Reid's Early Years in Edinburgh

David Boswell Reid was the second son of Peter Reid, a distinguished physician and educational reformer. His older brother followed their father into the medical profession and it was therefore natural that David carried on the family tradition and studied medicine at Edinburgh University. In 1826 he became Senior President of the Royal Medical Society (this was the medical students society, founded in 1734). Two of his contemporaries are worthy of note, Charles Darwin studied medicine at Edinburgh from 1825 to 1827 and William Henry Duncan was also a fellow student. Duncan was to become the United Kingdom's first Medical Officer of Health when he was appointed to that position in Liverpool in 1847 at a time when Reid was actively engaged in that city at St George's Hall.

Reid's Chemistry Laboratory. [Click on thumbnail for larger image]

Reid received his Medical Diploma in 1830 and was made a Fellow of The Royal College of Physicians, Edinburgh in 1831, however, he had been appointed as assistant to Professor Thomas Hope in the Chemistry Department at Edinburgh University after Reid had, quite independently, started teaching practical chemistry the year before. Sometime between 1830 and 1833 Reid became involved with the Medical Charities of his native city and during this time became acutely aware of the inter-relationships between poor health, poor sanitation, poor hygiene and poor ventilation. He took it upon himself to enlighten the public mind on the removable causes of disease. He published a pamphlet entitled 'The Chemistry of Daily Life' in his quest to educate the population of over-crowded cities.

Reid petitioned the Town Council, which controlled the University, to set up a chair of practical chemistry but was unsuccessful so in 1833, after a disagreement with Hope, he had his own independent chemistry lecture and demonstration room constructed. A contemporary illustration (fig.2) shows how he had incorporated fires into the principal demonstration table. These fires were fed by air entering from above such that the smoke (and extracted fumes) travelled downwards and through ducts under the floor to reach the chimneys. He refers in detail in his book (1844) to the care he took to ensure good acoustics in his lecture/demonstration suite and to tests done in the presence of Earl Grey, Lord Brougham and others. He later constructed five adjoining test rooms for his investigations of ventilation and respiration. He used these rooms to try to establish the precise amount of air required for health and comfort with practical experiments on human guinea pigs. None of his notable predecessors, in the field of the study of the chemical properties of air or the relationship between freshness of air and disease, had done this.

In 1834 the British Association for the Advancement of Science held its Summer Meeting in Edinburgh and a number of the delegates visited Reid's laboratory and classroom to view his unique arrangements for heating, lighting and ventilation. Among this group were Members of both Houses of Parliament.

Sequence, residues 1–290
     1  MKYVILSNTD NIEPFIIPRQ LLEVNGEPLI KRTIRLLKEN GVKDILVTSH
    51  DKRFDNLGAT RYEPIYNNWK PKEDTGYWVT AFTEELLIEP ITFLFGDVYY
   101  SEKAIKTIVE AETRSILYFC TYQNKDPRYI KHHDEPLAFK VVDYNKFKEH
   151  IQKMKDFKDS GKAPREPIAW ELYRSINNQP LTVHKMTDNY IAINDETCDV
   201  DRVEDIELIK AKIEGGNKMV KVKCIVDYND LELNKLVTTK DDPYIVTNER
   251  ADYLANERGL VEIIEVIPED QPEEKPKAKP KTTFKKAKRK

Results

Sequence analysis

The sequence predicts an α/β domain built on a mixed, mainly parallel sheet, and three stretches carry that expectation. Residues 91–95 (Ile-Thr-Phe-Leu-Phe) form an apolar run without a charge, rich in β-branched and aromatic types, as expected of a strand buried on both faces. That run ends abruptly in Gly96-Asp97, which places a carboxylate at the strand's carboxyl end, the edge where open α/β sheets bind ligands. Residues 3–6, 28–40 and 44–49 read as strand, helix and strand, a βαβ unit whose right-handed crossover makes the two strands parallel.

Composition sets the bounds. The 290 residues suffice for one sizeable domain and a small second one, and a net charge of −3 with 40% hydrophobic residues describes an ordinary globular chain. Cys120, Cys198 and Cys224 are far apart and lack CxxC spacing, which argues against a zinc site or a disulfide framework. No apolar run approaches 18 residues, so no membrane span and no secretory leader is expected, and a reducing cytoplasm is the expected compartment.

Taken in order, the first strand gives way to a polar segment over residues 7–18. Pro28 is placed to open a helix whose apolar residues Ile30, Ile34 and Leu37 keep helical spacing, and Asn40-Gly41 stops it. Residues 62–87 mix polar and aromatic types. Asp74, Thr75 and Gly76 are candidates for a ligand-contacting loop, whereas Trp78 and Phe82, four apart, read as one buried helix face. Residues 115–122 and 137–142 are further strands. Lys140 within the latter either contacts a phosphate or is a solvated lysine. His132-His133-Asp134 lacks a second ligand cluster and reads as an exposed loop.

Reid's Later Years in the United States

Reid was recommended by James Buchanan (President from 1857), to Montgomery Meigs, an Army Engineer, who had, since 1853, been employed on The Capitol in Washington. The project was described as an extension to The Capitol but it was at this time that the dome was added and the legislative chambers, as they exist today, were constructed. The chambers were to be designed without windows and so light and air were to be supplied by artificial means.

Meigs records in his journal (see URL address in References) in January 1855 that he was aware of the system Reid had employed in the Houses of Parliament but at that stage he appears to be referring to the Temporary House of Commons because he dismisses the practicality of using chimney draft as a motive power for the air. Steam driven fans had been installed in Parliament for the New Houses in July 1851. He refers to the cost of Reid's system at the Houses of Parliament, but remarks that the cost (£220 000) must have included the cost of the Victoria Tower, which, although used for the ventilation was not built purely for that purpose. He must have been referring here to the New Houses but seems to have been unaware of the part played in the system by St Stephen's Tower (Big Ben).

In his entry for 16th April 1856, Meigs states that he 'had another visit from Dr Reid' but it is not clear from his journal when they first met. In February 1857, Reid gave three lectures at the Smithsonian Institution in Washington all attended by Meigs. They also spent another evening together, the same month, in Professor Henry's rooms at the Smithsonian where 'we had much talk about ventilation and sound'. Professor Joseph Henry was the first ever Secretary of the Smithsonian Institution, Michael Faraday had described him as the greatest US scientist since Benjamin Franklin. He had been called upon by the Vice-President to evaluate Meigs' plans for the acoustics, heating and ventilation of the new chamber of the House of representatives, but is probably best know for his research into electricity and magnetism and for the invention of the telegraph.